The Valentine’s Day (otherwise known as Single’s Awareness Day) immediately following my ex-husband’s departure was by far one of the worst I’ve ever experienced. The holiday seemed to amplify my feelings of rejection, pain, and loss with all the commercialism of romance and emphasis on relationships.
I was faced with some important decisions during this season that determined how I walked out my journey. To be quite honest, hiding in my bedroom at my parents’, remaining in my PJs for days on end, eating ice cream, and sulking was definitely my most natural choice of response. However, I was able to think forward a bit to realize the waste of time and lack of effectiveness this would have on my life. I was determined to rise above the mess and not let it turn me into someone I never desired to be.
I knew as Valentine’s Day was approaching I needed to be proactive in how I addressed the potential wave of heartache on this day. I decided immediately I wasn’t going to tackle it alone! I had connected with two single women at my parents’ church since I moved back home and was pretty sure they had no desire to be alone that evening either.
I invited them over for an “All Things Red” dinner. The three of us collaborated on the meal and each made special red treats to munch on throughout the evening. One of the girls even picked up a video for us to watch. My daughter especially loved decorating for the evening and setting the table with the “fancy stuff Nana keeps in the glass cabinet.” We made it our own special celebration. We talked and laughed. For a while I was able to forget why I was celebrating that evening without my husband.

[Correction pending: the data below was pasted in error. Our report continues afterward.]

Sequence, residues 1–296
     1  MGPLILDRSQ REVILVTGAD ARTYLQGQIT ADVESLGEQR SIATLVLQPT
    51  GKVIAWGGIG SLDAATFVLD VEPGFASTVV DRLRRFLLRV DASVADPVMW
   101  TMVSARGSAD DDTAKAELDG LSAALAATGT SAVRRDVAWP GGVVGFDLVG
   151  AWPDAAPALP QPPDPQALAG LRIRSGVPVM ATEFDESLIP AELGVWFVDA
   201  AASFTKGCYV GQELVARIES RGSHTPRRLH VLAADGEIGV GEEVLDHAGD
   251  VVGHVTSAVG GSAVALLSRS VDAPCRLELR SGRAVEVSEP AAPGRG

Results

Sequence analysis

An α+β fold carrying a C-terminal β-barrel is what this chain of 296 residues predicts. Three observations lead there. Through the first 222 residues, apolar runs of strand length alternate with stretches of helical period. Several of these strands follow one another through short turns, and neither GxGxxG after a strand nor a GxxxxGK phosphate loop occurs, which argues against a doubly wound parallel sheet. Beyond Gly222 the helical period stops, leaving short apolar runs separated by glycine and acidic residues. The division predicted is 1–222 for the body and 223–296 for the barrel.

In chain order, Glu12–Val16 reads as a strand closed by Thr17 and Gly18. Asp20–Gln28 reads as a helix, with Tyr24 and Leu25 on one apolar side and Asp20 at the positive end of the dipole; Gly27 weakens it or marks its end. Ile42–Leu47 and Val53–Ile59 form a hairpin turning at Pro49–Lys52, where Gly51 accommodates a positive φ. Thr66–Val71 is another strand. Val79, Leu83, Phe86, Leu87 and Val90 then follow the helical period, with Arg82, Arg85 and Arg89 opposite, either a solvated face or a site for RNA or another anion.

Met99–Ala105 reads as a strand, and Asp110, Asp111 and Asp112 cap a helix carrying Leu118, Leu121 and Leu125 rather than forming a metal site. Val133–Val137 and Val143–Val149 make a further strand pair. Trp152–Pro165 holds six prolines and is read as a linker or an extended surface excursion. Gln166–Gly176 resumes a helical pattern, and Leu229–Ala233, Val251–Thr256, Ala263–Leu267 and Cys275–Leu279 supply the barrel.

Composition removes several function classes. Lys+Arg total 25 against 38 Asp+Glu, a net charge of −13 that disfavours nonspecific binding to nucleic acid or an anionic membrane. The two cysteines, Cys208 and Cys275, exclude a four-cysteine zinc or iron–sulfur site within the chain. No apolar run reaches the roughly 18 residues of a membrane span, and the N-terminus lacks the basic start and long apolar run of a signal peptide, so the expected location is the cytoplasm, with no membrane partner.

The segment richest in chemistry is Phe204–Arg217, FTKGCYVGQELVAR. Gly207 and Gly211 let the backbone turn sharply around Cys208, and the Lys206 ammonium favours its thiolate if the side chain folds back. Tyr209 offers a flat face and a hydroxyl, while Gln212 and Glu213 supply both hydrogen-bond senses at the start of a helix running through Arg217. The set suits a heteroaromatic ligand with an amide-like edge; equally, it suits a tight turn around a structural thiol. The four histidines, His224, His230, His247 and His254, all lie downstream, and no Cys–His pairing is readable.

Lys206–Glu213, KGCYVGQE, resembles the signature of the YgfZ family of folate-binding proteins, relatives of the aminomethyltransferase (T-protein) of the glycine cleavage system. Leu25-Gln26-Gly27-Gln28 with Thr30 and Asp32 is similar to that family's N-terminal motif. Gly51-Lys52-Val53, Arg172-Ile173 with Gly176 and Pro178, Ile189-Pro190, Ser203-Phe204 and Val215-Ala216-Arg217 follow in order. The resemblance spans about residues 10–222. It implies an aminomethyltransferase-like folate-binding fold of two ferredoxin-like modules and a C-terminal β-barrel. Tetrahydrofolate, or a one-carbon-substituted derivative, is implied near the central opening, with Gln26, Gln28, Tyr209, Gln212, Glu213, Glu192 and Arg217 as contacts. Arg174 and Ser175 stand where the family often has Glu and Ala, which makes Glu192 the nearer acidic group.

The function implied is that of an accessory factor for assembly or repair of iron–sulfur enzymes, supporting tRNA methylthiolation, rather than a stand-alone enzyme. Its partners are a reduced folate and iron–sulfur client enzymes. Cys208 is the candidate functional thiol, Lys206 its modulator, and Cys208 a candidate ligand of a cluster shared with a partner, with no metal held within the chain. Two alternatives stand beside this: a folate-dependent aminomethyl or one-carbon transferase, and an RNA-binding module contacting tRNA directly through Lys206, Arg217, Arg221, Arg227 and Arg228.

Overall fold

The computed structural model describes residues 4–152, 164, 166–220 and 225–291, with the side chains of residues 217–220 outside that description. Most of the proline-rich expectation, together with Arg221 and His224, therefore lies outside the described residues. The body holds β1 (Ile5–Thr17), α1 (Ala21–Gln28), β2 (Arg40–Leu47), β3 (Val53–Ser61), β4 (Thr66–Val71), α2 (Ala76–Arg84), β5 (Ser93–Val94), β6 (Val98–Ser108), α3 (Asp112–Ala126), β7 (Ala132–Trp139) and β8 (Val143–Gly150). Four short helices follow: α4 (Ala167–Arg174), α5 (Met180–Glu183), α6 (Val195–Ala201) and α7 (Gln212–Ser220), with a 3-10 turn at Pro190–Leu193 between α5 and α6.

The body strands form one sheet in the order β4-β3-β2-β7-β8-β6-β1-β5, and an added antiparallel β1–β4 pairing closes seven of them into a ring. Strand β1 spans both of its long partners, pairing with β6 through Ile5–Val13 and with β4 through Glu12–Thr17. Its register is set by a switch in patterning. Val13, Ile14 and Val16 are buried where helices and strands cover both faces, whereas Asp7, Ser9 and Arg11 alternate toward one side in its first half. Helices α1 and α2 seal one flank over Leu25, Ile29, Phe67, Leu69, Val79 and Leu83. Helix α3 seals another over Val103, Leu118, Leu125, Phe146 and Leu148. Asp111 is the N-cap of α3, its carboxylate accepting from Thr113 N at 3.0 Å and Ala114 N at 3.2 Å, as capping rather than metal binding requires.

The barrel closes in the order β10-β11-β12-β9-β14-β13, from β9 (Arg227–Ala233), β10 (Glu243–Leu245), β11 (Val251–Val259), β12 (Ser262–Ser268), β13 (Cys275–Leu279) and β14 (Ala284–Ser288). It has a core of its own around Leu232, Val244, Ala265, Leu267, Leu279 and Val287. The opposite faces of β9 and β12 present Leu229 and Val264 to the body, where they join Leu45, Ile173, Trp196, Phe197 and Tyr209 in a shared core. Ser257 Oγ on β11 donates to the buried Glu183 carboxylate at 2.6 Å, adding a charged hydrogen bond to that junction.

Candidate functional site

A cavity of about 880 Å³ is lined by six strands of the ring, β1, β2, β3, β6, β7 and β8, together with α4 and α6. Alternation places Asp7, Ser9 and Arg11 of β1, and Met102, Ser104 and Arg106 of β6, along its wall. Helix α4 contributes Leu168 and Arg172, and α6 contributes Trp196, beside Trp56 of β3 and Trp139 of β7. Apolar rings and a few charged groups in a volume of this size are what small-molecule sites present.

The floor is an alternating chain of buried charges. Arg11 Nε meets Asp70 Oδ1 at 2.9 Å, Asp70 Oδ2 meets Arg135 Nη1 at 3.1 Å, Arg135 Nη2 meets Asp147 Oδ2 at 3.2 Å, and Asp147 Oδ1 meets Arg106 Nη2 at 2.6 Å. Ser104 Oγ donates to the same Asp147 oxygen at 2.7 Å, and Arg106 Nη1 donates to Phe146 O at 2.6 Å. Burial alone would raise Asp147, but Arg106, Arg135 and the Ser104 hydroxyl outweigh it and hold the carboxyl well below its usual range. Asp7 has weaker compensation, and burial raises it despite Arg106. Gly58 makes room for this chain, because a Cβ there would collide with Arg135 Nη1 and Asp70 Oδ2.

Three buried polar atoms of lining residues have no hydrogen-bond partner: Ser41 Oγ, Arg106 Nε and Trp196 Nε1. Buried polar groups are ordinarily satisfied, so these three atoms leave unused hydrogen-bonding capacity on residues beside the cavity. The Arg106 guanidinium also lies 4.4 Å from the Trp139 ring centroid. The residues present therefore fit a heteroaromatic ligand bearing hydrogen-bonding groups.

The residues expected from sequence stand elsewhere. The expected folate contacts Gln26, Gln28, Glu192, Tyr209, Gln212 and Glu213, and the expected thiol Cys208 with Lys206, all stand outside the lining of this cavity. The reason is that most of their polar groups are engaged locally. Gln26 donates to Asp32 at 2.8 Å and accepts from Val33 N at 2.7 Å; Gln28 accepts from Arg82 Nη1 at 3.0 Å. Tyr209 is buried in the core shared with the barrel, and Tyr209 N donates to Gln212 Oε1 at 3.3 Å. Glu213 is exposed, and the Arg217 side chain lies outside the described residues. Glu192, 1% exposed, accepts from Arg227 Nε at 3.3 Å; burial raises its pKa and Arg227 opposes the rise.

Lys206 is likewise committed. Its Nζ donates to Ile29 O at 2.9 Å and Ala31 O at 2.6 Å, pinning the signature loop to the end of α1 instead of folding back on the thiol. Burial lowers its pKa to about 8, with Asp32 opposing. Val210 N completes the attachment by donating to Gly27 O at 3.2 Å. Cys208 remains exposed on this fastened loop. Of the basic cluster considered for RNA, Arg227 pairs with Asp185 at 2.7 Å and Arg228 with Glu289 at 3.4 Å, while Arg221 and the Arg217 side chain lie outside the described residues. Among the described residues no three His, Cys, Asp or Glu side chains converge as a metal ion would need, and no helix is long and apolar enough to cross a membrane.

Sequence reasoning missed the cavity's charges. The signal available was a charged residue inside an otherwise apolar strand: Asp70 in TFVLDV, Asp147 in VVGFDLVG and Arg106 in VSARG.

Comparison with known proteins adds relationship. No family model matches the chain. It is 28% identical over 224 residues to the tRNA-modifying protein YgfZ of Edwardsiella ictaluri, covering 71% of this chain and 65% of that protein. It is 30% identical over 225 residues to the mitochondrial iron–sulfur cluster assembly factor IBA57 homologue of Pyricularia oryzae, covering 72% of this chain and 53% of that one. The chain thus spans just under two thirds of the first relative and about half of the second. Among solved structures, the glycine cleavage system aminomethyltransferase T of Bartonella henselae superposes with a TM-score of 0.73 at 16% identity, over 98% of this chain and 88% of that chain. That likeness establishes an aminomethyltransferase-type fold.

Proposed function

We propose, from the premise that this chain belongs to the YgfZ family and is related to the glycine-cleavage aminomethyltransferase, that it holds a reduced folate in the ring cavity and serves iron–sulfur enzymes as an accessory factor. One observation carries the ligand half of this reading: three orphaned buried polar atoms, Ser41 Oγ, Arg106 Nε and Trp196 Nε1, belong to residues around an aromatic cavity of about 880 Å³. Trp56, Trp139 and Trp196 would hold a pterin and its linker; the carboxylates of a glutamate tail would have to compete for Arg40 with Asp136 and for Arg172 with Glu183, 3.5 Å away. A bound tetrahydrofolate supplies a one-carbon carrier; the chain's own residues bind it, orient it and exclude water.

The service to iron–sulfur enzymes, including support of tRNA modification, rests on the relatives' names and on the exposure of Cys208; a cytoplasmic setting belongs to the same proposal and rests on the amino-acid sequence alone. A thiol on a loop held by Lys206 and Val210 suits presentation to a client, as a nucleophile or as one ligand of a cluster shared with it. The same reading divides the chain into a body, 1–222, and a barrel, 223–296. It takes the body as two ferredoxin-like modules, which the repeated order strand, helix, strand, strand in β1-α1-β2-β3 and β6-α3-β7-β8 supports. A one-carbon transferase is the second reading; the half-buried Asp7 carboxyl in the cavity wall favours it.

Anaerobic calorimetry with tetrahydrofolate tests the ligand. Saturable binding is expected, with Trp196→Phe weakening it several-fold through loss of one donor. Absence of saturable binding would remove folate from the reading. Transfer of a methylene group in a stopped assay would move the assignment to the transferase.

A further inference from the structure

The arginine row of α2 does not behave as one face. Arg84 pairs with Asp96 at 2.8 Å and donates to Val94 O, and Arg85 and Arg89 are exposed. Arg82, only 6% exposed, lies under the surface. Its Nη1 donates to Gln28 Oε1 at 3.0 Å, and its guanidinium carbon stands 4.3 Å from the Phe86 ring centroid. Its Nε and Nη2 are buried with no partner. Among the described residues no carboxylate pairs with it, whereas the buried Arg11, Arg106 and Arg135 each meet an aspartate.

What I want to encourage, for Valentine’s Day and every holiday, is to embrace the moments that could potentially cause added pain or feelings of loss and find ways to celebrate the people in your life God has placed there for you to love. You may have siblings or parents, aunts, uncles, nieces, nephews, or friends in your life who you can choose to pour your love into. Some of them may be a little more difficult to love than others or be super quirky and difficult to connect with, but seek God for special ways you can show them love. It doesn’t have to be some grand gesture or cause financial strain to make a point. It may be a sacrifice of time or energy to be present in their lives and embrace times together as family.
If you don’t live in close proximity to your immediate family, or it is necessary for you to limit time with them due to dysfunction, choose to get involved in your local church and create a family there. You have to be a friend to make a friend! Just because you are the new girl or guy doesn’t mean you can’t be the one inviting people over or initiating a get-together. Get involved in a group or area to serve in order to connect with others right away. Start to open your eyes to see the world and people around you.
Stop and think about it, maybe even make a list. There are probably numerous people you can truly share God’s love with at this time in your life. Without thinking of what or who you are lacking, embrace the people right in front of you.
Choose to enjoy life and the lives of those around you. Choose to see your blessings and not what you lack. Choose to bless others in spite of your own feelings. Choose to celebrate love.
And choose to only eat ice cream in your jammies if you are hosting a slumber party and you have plenty of friends or nieces and nephews to join you!
-Excerpt from the book: Just Enough, by Jennie Puleo
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